The United States labor market is in a bit of kerfuffle right now. Recovering from COVID, there is a record number of job openings, businesses are getting rid of fewer employees, and the economy has a labor shortage. What is happening? From concerns over catching the coronavirus to Americans opting for generous jobless benefits, it is a complex situation. In all of this, however, one group has been handicapped over the last 15 months: The youth. Now that the jobs recovery is underway, are young Americans going back to work?
How the Pandemic Shaped Youth Unemployment
As the U.S. economy entered 2020, young Americans were finding jobs. In fact, the youth unemployment rate had plummeted to a 60-year low of about 6%. However, once the coronavirus pandemic paralyzed the economy, millions of Americans aged 15 to 24 had been left out in the cold. The jobless figure for this age group soared to a record high of 28%. For those under the age of 20, the rate had reached 31%.
The Pew Research Center gathered other reasons for the impact on youth employment:
- Fewer low-skill, entry-level jobs available.
- More schools finishing later in June or restarting before Labor Day.
- A growing number of students enrolled in high school or college during the summer.
- A larger percentage of students taking unpaid internships.
- More teens are doing volunteer community service.
Overall, these trends eliminated about a decade’s worth of gains for youth labor. But is the situation beginning to improve for the young generation?
Are Young Americans Finding Work Again?
Fortunately, young people are finding work again. According to the latest Bureau of Labor Statistics (BLS) data, the U.S. youth unemployment rate stood at 9.9% in May, down from 24.9% the same time a year ago. Most of the employment gains for young Americans have been in the leisure and hospitality sector as more states reopen their economies.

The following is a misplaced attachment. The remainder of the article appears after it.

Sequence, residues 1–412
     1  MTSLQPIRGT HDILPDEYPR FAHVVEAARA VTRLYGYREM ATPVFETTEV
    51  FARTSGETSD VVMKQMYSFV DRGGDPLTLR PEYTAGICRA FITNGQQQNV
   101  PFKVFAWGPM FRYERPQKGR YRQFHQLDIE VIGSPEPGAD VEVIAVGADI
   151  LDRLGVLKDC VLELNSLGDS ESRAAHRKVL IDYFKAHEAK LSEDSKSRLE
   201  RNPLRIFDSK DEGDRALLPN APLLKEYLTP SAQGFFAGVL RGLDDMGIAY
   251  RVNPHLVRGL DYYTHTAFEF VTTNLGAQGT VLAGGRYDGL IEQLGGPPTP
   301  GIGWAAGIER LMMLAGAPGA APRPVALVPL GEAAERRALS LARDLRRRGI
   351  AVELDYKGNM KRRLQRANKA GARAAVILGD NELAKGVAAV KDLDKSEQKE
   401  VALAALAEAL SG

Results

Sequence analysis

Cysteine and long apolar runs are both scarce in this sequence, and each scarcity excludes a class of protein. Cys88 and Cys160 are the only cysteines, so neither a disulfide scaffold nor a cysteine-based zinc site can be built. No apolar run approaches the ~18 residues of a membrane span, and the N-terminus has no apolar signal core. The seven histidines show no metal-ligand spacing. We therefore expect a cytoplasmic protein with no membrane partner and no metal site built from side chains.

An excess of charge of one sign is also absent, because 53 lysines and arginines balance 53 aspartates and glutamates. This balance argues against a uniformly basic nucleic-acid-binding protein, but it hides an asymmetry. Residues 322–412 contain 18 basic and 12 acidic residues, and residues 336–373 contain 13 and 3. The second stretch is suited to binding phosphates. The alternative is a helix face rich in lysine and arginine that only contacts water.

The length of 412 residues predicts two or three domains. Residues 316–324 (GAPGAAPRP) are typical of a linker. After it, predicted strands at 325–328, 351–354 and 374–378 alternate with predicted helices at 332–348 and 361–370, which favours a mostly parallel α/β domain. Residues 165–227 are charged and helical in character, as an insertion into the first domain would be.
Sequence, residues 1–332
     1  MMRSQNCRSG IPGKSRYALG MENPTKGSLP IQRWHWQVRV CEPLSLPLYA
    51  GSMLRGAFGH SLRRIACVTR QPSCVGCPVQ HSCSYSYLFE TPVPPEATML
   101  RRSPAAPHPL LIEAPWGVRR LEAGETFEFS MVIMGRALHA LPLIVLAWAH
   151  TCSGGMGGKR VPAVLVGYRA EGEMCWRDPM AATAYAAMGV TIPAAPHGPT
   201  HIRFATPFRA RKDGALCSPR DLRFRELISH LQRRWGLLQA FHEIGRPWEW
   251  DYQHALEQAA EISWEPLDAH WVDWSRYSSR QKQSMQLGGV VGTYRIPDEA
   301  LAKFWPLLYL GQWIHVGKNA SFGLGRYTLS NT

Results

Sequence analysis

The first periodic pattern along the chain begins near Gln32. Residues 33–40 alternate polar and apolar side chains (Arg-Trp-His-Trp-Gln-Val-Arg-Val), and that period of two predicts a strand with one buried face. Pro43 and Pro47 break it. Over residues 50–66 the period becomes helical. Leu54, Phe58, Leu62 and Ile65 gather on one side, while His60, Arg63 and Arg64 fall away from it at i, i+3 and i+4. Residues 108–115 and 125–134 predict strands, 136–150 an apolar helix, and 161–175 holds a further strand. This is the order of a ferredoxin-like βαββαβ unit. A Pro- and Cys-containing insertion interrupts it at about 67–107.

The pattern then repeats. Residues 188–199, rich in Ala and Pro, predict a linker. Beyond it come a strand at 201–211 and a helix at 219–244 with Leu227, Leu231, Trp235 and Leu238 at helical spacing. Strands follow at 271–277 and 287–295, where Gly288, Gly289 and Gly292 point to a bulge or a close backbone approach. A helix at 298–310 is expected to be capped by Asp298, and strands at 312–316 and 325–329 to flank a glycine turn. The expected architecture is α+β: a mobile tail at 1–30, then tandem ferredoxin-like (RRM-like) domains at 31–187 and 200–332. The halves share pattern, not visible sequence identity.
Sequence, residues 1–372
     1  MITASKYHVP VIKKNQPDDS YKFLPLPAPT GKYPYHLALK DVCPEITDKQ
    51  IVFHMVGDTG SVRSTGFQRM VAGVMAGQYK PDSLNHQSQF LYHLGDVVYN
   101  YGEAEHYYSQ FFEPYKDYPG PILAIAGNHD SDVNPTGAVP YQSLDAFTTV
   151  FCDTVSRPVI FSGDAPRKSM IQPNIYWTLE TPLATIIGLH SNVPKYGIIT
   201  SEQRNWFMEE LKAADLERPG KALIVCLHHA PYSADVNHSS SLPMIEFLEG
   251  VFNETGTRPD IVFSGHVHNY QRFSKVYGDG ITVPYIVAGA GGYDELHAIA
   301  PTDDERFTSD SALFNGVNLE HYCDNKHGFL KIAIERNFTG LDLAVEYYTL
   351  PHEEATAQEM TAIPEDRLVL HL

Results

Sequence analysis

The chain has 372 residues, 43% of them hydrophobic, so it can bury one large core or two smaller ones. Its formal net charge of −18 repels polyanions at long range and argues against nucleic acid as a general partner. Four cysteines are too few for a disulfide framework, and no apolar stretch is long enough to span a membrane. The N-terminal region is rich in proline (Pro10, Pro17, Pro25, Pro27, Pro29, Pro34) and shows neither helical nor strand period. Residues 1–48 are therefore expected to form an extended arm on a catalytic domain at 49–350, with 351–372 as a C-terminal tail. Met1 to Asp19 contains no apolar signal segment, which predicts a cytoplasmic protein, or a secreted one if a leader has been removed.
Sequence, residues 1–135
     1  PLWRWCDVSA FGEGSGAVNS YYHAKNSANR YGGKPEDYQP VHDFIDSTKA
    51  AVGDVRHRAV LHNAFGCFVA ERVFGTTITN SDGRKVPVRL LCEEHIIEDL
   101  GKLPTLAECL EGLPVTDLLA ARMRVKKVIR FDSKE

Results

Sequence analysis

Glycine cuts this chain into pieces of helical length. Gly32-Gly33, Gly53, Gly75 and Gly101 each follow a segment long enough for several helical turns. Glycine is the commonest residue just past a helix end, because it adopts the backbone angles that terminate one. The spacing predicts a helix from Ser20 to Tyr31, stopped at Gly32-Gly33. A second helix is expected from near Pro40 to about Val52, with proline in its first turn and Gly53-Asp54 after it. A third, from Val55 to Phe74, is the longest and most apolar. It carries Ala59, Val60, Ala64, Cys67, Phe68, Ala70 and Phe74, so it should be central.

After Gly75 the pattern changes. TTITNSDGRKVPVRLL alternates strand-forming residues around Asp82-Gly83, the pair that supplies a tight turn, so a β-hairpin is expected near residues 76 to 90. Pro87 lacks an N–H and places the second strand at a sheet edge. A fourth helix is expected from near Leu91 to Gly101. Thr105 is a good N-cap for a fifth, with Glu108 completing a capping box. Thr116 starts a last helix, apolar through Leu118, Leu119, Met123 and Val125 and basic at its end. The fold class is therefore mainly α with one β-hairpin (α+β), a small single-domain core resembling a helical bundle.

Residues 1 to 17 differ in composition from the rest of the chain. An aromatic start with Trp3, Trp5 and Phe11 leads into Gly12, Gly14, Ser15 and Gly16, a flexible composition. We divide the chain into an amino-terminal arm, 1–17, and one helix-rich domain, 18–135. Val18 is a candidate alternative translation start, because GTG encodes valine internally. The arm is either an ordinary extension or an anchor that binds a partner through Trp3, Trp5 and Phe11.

Still, Pew researchers think the downward trend of youth employment will continue to be a problem for American teens. The group reports:
“Over the long term, though, the trend of fewer teens working over the summer seems likely to continue. Even though there were more working-age teens in May 2021 than in May 2000 (16.4 million vs. 15.9 million), far fewer of them were in the labor force: 5.9 million as of May, down from 8.1 million in 2000. And about 10.6 million teens, or nearly two-thirds of the total civilian non-institutional population ages 16 to 19, were outside the labor force entirely, compared with 7.8 million (49.1%) in May 2000.”
Does this mean change is on the horizon for tomorrow’s generation of professionals and laborers?
Will Generation Z Change the Labor Market?
According to a recent Conference Board survey, more young Americans (18 to 34) are dissatisfied with their jobs, financial outlooks, and broader prospects. This is in line with other studies looking at the professional plight of Gen Z. Surveys also find that young people have become used to working from home and no longer want to trek to the office to perform the same tasks they could do in their pajamas on the sofa.
Generation Z will be the most tech-savvy and educated in the world. Will this mean flexible schedules, remote work, and better pay? If anyone can accomplish this feat, it is those born in the late 1990s and early 2000s.